Alien Ant Farm


Dryden Mitchell, vocals

Joe Hill, guitar

Alex Barreto, bass

Mike Cosgrove, drums

Alien Ant Farm is back, in more ways than one. Despite a deadly tour bus crash in 2002 and the often career-lethal folding of a record label, one of the most popular and critically acclaimed alt-metal bands of the decade not only has persevered but on Up In The Attic (New Door/UMe), released July 18, 2006, returns to the rockin’ spirit of its platinum, much acclaimed 2001 album ANThology.

“I guess that cliché about getting a second lease on life is true,” says singer-songwriter Dryden Mitchell. “That I get to do my thing in music is overwhelming. In a sense I’m younger and more immature now. We’re having fun again.”

AAF has even returned to its original producer, Jim Wirt, who along with producing Live, Incubus, L.A. Guns, and others, helmed AAF’s 1999 indie released Greatest Hits. Also back on board is ANThology producer Jay Baumgardner, who mixed Up In The Attic and produced its first radio track, “Forgive & Forget.” Baumgardner previously has produced albums from Papa Roach, Coal Chamber, Seether and more.

“Only because Jim was with us when we were raw and wild could he tell us, ‘What’s going on? You guys used to rock,'” says drummer Mike Cosgrove. “We needed someone to give us the greenlight to quit trying to showcase our musical prowess and get back to what we liked as kids when we’d rock out in our bedrooms. Being typical artists we wanted to ‘mature and grow.’ We wanted to say, ‘See, we can play jazz chords or Latin.’ But we’re a rock band. We want cheeseburgers. We don’t dumb anything down by any means but we’re back to comfort food. This album sounds like us. It’s not about evolving into something else; it’s about being who we are.”

Mitchell and Cosgrove admit the black cloud of the bus crash hovered over their 2003 album truANT. In the aftermath of the tragedy, AAF had jumped on stage and into the studio less than a year later. But the role of fun-loving rockers felt uncomfortable. Says Cosgrove: “We tried to not dwell on it but by pushing back those feelings the experience was somehow missing in the record.” Mitchell agrees: “Kids didn’t want to hear how lame that was. And I couldn’t think about it either because it’d bring me down. What’s changed is that now it seeps out in the songs but in a cool way.”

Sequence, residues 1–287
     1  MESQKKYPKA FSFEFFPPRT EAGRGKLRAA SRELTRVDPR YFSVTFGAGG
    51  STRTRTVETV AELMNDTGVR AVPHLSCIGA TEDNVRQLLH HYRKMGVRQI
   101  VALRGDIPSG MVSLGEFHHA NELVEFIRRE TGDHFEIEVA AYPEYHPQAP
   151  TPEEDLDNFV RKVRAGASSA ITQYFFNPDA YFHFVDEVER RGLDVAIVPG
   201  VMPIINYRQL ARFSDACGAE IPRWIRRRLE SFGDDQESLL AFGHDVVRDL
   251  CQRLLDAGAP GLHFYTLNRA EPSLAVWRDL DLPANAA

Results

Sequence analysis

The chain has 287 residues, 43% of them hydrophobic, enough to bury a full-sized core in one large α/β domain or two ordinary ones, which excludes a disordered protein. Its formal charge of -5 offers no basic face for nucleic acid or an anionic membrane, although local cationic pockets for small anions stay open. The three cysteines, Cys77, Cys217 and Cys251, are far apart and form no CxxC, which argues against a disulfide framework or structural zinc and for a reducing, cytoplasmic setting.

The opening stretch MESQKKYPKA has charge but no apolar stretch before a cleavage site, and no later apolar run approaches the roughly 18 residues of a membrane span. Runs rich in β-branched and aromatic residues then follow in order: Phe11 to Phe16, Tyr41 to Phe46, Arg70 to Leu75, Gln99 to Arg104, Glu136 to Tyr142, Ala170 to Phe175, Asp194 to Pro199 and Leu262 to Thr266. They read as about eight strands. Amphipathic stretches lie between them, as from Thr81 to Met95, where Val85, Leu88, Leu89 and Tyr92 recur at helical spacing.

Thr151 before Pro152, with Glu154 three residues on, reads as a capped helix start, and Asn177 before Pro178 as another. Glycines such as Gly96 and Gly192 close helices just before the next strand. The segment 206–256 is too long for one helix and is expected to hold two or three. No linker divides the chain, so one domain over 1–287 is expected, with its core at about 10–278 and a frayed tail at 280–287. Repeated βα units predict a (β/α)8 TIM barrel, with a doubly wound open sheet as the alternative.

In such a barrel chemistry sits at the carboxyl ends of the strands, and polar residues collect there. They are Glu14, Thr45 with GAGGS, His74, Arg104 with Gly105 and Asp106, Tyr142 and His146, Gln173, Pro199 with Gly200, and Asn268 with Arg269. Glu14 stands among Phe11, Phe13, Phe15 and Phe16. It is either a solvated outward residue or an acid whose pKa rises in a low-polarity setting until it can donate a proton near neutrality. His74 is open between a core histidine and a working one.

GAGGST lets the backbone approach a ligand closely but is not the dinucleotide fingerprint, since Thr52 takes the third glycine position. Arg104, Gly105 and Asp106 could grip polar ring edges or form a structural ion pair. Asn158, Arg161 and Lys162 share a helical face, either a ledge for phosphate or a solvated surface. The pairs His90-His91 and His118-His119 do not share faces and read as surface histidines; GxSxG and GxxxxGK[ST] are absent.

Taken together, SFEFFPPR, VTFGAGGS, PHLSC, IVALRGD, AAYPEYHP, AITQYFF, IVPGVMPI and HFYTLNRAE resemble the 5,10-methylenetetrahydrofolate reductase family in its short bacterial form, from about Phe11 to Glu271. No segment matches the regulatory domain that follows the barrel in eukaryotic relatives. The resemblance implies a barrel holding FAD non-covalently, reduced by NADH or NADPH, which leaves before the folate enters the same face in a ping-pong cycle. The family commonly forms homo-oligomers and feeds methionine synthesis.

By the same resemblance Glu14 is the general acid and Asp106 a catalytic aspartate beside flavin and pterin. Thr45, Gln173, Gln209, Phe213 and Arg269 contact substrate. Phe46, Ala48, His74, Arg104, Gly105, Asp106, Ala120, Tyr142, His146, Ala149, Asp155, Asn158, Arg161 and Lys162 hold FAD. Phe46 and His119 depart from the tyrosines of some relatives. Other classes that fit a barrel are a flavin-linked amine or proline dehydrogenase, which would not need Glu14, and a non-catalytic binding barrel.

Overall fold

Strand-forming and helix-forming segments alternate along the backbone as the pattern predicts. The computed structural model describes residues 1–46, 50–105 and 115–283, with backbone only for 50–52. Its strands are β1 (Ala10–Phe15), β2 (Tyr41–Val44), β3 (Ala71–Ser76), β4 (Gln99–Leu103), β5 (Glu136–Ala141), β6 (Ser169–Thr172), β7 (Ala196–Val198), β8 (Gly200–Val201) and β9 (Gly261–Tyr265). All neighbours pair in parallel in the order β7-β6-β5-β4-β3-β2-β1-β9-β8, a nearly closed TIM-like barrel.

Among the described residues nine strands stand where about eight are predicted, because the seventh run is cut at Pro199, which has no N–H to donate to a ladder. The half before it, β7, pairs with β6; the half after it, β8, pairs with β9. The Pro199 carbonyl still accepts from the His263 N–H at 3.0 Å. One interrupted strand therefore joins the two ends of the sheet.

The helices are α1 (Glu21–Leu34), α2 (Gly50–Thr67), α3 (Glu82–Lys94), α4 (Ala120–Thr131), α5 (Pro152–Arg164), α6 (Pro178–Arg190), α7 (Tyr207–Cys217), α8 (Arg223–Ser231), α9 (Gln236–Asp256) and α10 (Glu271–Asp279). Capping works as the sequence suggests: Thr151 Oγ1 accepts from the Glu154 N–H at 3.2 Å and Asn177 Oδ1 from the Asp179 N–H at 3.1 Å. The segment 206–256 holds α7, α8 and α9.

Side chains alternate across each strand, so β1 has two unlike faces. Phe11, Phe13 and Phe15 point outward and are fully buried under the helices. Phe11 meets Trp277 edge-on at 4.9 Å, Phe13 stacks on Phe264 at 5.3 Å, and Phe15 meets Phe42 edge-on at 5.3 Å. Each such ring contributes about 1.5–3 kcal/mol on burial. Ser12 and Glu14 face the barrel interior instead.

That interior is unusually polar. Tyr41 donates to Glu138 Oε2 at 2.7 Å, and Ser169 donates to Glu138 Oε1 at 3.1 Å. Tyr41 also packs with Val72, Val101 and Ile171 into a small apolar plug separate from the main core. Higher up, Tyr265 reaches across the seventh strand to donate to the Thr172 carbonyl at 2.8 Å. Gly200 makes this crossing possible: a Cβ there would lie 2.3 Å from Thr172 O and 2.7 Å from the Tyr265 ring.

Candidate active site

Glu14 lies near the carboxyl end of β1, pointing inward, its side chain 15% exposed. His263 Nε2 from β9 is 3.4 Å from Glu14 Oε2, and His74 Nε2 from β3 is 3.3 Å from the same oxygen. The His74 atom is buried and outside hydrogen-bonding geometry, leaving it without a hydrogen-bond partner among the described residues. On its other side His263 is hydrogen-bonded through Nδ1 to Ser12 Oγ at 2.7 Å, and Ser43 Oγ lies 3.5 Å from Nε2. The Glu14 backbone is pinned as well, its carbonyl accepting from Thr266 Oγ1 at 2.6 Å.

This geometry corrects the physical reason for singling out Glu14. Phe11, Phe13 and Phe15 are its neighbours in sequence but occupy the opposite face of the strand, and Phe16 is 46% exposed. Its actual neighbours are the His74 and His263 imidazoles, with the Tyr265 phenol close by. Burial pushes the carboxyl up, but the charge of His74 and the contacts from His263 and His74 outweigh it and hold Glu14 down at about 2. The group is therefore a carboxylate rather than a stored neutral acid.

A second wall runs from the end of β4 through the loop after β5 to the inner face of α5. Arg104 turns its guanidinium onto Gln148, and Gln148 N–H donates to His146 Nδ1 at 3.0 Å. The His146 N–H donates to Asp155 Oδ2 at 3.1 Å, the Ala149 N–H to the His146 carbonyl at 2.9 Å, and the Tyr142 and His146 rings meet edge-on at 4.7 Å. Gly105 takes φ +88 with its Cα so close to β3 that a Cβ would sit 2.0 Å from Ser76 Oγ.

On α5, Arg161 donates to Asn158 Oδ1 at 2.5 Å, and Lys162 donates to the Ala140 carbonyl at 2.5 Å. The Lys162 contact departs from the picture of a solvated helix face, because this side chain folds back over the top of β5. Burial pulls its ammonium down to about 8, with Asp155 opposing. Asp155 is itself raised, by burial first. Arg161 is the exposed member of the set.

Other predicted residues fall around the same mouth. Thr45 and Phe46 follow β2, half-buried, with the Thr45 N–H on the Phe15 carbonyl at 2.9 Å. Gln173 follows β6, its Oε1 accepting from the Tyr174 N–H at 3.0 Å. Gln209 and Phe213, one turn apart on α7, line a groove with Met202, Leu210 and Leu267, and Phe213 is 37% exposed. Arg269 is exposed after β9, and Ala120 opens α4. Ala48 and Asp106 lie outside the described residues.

In 2002, AAF was touring Europe following the release of ANThology. The first signing to Papa Roach’s New Noize imprint on DreamWorks Records soared to #11 on the pop chart, went platinum and spun off a Top 20 Modern Rocker in “Movies” and a funky metal cover of Michael Jackson’s “Smooth Criminal” that hit Top 25 pop and #1 Modern Rock. The non-album track “Good (For A Woman)” was featured in cult classic American Pie 2 in 2001 followed in 2002 by the non-album “Bug Bytes” featured on the soundtrack to the box office smash Spider-Man. Rolling Stone crowed about AAF: “Finally, a band packs enough balls to put the melody back in metal.”

Then on May 22, while traveling in Spain on its way to a gig in Portugal, the band’s tour bus collided with a truck. The bus driver was killed and the band members and crew suffered various broken bones and bruises. The impact fractured Mitchell’s C2 vertebra, threatening to paralyze him for life. He was put in traction and outfitted with a metal halo that restricted movement in his upper body. During surgery, his C1 and C2 were screwed together.

“I lost some left-to-right motion but you’d never notice it at a show,” says Mitchell. “The only thing that sucks is I had permanent nerve damage. It feels like I have a bad sunburn from my chest up through my head. When I get stressed out it gets worse but that’s a good way for me to gauge how far to push myself. I could take drugs for it but, as much as I hate the pain, I don’t want the lethargic feeling I get with the drugs.”

Though Mitchell was no longer in danger, the band itself was in limbo–until he started writing songs again. The group went back on stage in December, then again in May 2003. Says Cosgrove in admiration, “Dryden is so committed and strong to do what he does with all that pain.” In July AAF took to the road once more for 20-plus shows to support the release of truANT, produced by Dean and Robert DeLeo, best known as the guitarist and bassist for Stone Temple Pilots.